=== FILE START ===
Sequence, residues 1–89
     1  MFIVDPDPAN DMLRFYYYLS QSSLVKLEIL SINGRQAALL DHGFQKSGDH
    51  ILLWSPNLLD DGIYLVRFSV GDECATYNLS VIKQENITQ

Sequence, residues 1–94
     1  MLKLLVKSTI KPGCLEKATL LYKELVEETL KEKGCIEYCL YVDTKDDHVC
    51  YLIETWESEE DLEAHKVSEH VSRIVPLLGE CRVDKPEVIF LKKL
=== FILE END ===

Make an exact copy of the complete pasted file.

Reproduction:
Sequence, residues 1–89
     1  MFIVDPDPAN DMLRFYYYLS QSSLVKLEIL SINGRQAALL DHGFQKSGDH
    51  ILLWSPNLLD DGIYLVRFSV GDECATYNLS VIKQENITQ

Sequence, residues 1–94
     1  MLKLLVKSTI KPGCLEKATL LYKELVEETL KEKGCIEYCL YVDTKDDHVC
    51  YLIETWESEE DLEAHKVSEH VSRIVPLLGE CRVDKPEVIF LKKL